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Re: Mars 2020 Helicopter Drone
« Reply #62 on: 06/03/2018 09:14 PM »
Does anybody know for sure what the limiting resource is at the beginning of the mission?
Operator expertise.  It takes a while for the operations plan that actually works to evolve, as opposed to all of the plans that were imagined in simulations.

"No battle plan survives contact with the enemy."
« Last Edit: 06/03/2018 09:16 PM by ccdengr »

Offline hop

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Re: Mars 2020 Helicopter Drone
« Reply #63 on: 06/04/2018 12:17 AM »
The drone - if this is a concern and if in fact the rover does not help significantly path planning - should be operated out of the PR budget.
AFAIK the helicopter is already a separate project with a separate budget. The "costs" to the main rover mission are downlink, power and operational impacts.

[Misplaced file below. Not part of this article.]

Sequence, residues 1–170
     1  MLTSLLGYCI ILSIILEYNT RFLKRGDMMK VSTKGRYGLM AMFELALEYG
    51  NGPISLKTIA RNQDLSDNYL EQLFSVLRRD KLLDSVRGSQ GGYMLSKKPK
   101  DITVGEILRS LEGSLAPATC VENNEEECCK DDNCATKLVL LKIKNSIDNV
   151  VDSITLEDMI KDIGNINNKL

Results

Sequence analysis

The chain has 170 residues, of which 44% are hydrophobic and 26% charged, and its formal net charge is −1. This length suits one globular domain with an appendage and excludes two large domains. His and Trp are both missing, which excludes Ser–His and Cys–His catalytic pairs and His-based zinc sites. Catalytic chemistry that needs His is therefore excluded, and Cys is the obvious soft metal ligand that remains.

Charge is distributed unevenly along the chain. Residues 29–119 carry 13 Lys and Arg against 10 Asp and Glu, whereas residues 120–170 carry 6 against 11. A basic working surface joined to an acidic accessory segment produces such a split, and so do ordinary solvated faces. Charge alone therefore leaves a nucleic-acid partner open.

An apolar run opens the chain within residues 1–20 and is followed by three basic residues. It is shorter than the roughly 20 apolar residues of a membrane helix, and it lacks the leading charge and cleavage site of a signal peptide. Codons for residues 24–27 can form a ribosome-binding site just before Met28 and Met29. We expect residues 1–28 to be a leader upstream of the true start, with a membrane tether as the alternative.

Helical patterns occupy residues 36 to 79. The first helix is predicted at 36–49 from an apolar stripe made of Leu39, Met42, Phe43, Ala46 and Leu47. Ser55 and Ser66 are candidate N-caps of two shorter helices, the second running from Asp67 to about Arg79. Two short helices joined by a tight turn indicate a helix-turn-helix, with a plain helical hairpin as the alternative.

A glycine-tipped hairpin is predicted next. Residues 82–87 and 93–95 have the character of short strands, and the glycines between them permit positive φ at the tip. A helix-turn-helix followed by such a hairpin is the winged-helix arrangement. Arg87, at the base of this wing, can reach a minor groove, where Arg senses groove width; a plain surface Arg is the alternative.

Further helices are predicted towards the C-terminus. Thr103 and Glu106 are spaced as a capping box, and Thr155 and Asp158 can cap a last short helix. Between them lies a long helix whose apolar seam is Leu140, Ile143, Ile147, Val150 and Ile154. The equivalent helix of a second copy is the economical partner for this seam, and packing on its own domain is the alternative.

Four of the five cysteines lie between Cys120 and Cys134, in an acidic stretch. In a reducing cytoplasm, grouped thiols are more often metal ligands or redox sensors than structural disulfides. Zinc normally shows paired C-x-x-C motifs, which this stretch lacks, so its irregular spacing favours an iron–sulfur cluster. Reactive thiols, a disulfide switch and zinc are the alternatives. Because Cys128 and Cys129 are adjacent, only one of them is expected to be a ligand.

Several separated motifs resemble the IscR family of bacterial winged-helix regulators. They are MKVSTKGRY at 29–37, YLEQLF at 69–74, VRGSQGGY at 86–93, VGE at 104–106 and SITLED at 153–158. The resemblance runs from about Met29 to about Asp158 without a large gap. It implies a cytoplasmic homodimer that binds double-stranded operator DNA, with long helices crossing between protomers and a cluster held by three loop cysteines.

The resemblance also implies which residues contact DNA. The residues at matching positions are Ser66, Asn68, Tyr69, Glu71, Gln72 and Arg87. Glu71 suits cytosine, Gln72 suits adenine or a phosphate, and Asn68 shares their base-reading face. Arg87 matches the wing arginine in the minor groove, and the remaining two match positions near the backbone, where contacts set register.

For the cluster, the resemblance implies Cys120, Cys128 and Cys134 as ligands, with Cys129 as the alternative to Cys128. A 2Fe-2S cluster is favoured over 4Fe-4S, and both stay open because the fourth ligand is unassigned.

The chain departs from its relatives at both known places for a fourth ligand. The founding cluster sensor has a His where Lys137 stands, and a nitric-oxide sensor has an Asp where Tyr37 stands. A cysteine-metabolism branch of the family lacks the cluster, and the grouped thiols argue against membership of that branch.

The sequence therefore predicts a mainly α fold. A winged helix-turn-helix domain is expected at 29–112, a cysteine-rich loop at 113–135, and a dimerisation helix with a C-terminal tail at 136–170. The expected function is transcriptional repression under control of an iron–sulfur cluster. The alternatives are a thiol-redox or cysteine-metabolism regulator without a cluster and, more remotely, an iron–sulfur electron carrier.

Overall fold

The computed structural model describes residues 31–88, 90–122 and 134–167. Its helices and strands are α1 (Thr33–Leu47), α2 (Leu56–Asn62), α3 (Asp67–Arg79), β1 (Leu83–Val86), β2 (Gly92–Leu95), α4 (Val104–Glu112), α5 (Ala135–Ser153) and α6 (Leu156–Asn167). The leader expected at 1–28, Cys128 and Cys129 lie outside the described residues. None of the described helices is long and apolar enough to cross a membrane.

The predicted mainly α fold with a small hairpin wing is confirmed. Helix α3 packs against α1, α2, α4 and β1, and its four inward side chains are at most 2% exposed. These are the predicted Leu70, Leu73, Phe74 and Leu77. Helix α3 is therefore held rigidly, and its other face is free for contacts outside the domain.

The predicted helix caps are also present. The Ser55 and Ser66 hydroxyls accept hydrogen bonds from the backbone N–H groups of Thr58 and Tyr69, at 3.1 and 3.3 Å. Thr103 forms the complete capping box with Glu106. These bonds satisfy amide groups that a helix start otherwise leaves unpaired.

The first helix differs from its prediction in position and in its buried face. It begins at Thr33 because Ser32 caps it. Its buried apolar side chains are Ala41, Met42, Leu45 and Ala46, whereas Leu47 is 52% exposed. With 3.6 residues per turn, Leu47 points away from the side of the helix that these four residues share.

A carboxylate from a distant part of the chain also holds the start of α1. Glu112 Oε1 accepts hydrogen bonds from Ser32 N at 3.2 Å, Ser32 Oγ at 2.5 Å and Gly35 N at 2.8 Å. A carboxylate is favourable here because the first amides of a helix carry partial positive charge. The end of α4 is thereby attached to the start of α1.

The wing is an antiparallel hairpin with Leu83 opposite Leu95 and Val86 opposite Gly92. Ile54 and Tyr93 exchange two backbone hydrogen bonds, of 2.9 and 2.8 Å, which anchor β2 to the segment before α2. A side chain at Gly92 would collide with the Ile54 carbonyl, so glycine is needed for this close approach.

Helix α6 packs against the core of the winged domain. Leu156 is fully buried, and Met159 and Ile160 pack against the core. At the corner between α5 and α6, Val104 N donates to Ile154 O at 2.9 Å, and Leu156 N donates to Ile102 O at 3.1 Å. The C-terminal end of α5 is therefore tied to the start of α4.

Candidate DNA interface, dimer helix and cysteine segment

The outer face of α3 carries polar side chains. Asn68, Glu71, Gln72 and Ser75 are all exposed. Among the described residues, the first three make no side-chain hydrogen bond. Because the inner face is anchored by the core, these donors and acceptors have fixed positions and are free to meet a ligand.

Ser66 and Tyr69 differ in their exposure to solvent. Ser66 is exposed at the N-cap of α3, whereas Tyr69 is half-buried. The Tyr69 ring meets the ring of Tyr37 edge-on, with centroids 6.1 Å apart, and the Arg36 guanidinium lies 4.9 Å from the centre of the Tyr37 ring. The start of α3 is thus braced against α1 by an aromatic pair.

Offline Dalhousie

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Re: Mars 2020 Helicopter Drone
« Reply #64 on: 06/04/2018 12:23 AM »
. I they will struggle to get all the samples collected in time and it is understandable that they don't want any additional tasks on top of what they already have.
The drone - if this is a concern and if in fact the rover does not help significantly path planning - should be operated out of the PR budget.

The primary role of the drone is to aid path planning.
"There is nobody who is a bigger fan of sending robots to Mars than me... But I believe firmly that the best, the most comprehensive, the most successful exploration will be done by humans" Steve Squyres

Offline Dalhousie

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Re: Mars 2020 Helicopter Drone